I don't think I've overtrained, because the runs feel fine, but the mileage is adding up for sure. An extended period of laziness seems like the most efficient way to make me stop wondering whether I've caught the sleeping sickness, somehow, despite living far from any tropical regions.

For the second point: As a runner in training, I don't regret making sure my body is hydrated, rested and ready for race day; as an introvert fighting her nature, I'm concerned about my growing reputation for — and inclination toward — staying in.

A few times, I've passed on grabbing a few drinks because I wanted to wake up refreshed for the next day's runs.

Other times, I've declined post-work because I was tired/hungry and wanted to go home, a problem I don't recall having as often last fall, when my running was less focused and more recreational. (I don't think the constant gloomy weather is helping my nesting instinct, either.)

And once — remember the only day in 2013 that we broke 70 degrees? — I had to decline because the day's workout had utterly drained me.

None of this is to say that I regret training for a half marathon.

I probably wouldn't find the thought of waking up with a smile after 7.25 hours of sleep — or waking up with a wine headache/beer gutache — as appealing had I been experiencing those phenomena frequently over the past few months.

Nor would I have netted one PR and cast my eyes on another, if I hadn't been relatively dedicated to my training.

In conclusion? It's a good thing I decided to follow up my half marathon with RAGBRAI, because as I understand it, training for this event will require me to practice nomming cake, raising a glass and demanding that I get up and crank out serious miles the next day.

Saturday, April 20, 2013

This will be me for the next few days

The grandparents are coming to Des Moines to visit me and Dusty this weekend, so I've lined up the rest days over my taper weeks with their visit.

For the next few days, instead of being the jogger in this comic strip, I'll be the woman on the bench. My sandwich will likely be from Jethro's. Maybe, if the family and I are lucky, we'll even have sunshine instead of wind, rain and clouds.

Happy restful weekend to everyone!

Friday, April 19, 2013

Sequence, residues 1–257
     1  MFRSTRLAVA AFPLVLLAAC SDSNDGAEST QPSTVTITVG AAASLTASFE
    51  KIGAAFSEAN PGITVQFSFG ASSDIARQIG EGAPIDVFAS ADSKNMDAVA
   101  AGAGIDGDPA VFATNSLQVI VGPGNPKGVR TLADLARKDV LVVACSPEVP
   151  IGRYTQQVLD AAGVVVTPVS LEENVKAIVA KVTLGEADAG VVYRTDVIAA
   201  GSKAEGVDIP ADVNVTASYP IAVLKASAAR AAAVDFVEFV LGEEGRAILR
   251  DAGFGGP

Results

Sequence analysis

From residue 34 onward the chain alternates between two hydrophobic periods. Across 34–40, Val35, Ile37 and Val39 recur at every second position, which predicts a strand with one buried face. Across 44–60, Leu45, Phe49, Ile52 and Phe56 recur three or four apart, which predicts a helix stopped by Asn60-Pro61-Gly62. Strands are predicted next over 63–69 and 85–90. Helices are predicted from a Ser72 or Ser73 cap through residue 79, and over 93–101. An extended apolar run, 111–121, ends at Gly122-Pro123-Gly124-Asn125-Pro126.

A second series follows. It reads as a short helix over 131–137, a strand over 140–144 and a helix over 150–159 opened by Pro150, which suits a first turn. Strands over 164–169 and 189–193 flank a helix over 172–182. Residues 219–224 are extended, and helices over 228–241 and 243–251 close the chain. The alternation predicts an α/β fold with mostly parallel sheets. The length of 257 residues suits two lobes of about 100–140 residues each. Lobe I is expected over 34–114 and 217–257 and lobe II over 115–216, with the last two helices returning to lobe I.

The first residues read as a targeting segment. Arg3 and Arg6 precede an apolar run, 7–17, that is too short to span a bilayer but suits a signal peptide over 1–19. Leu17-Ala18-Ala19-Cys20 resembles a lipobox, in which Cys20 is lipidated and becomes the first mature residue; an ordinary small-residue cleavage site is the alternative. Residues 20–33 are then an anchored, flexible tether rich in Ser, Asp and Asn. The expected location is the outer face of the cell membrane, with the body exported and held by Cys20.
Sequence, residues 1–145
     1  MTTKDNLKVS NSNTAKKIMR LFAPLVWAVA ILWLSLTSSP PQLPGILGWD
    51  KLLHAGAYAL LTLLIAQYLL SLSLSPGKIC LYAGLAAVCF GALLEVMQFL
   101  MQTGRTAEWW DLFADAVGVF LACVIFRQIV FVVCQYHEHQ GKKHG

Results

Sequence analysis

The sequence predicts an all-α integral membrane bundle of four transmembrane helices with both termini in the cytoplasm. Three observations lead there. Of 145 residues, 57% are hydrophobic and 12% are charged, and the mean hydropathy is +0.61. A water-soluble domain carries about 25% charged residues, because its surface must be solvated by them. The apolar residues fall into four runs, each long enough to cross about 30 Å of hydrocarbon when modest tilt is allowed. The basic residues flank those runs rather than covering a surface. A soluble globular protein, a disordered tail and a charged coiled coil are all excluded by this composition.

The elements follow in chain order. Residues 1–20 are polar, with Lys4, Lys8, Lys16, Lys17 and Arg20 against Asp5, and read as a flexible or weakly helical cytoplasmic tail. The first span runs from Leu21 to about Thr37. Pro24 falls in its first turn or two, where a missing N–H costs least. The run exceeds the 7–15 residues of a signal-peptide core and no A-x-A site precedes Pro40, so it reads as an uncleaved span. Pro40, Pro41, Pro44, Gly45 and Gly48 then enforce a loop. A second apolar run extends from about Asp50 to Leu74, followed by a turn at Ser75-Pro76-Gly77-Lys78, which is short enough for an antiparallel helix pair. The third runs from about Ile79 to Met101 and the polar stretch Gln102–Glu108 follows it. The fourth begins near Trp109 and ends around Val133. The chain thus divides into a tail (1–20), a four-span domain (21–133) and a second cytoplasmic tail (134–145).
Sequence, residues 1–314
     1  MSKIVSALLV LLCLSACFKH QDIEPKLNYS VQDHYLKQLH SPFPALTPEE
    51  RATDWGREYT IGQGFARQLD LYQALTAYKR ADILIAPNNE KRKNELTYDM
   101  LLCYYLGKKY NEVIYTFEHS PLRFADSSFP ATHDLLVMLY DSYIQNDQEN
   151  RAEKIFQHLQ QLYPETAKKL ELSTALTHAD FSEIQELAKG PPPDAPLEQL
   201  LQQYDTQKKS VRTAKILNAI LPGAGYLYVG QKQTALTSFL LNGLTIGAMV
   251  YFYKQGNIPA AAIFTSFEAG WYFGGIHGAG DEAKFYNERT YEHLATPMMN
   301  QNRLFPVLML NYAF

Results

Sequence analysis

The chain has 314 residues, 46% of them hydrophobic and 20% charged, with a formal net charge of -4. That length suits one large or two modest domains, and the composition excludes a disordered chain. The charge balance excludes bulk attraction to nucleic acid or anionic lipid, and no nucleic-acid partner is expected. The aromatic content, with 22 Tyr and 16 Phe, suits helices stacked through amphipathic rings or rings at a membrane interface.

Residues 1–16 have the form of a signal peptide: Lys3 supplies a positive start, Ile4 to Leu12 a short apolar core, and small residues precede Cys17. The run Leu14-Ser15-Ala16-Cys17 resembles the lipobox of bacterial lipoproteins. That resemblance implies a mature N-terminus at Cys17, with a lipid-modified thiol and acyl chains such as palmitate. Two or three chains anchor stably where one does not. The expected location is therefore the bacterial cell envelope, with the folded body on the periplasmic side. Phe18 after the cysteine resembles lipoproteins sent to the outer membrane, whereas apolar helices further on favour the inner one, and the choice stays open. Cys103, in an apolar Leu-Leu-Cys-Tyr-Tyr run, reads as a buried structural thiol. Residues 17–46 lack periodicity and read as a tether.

It's almost here!

Race day is finally in the 10-day forecast: 57 degrees, sunny and no precipitation.

So now I can stop telling people that I'm praying Iowa doesn't suddenly deal me a hot, humid day, like every day last summer and no days yet in 2013.

Will this end my worrying? It actually might. Sure, forecasts change, especially in the Midwest, but a high below 60 still leaves me an acceptable margin for potential warmups.

It's funny; every other time I can remember being thrilled that an event finally breaks the 10-day forecast, it's for a vacation.

This time, it's for something that will require me to wake up far earlier than normal, stand outside in a T-shirt and shorts when I should be wearing a hoodie and pants, run 13.1 miles before noon and spend the rest of my day being tired.

The nerves will start hitting in about a week and culminate in that googly feeling in my stomach that morning, but today, at least, I'm excited, and barring disaster, I should be sky-high once I've finished the race.

Wednesday, April 17, 2013

Sorry, Hal: I'm not running 12 miles this weekend

During my half marathon career, I've stuck with Hal Higdon training plans, and I've been mostly pleased with the results.

One question I've had, though has been growing more persistent as I gain more experience, read more about running and talk more to other runners: Why do long runs continue to add distance right up to race day?

Just about everyone else suggests weaning yourself off the long run in the final few weeks. Not Hal.

I've kept faith with Hal, though, for varying reasons: Because at some point, we're all noobs and follow the first voice we hear. Because I wanted confirmation that I could run longer than 10 miles. Because the previous long run had been awful, so I wanted redemption. Because I think of myself as running better while a little tired than super-rested.

This time around, after I'd finished the 11-miler with a little more than two weeks until race day, it was that long runs had gone so well, I wanted another triumph and the satisfaction of a hard day's work — plus practice in actual springlike weather.

It doesn't look like that weather will arrive in time for the days on which I can do the 12-miler, but that's OK: I've changed my mind and won't be doing another double-digit run.

Don't think this is a total rejection of Hal; this is just an agreement to disagree.

Leading up to my first half marathon, I had a bad encounter with two loose dogs that scared me past tapering into becoming a couch potato, and I could definitely feel the rust. Since then, I've been leery of tapering — and I think that's the underlying reason behind my dedication to Hal's persistent long runs.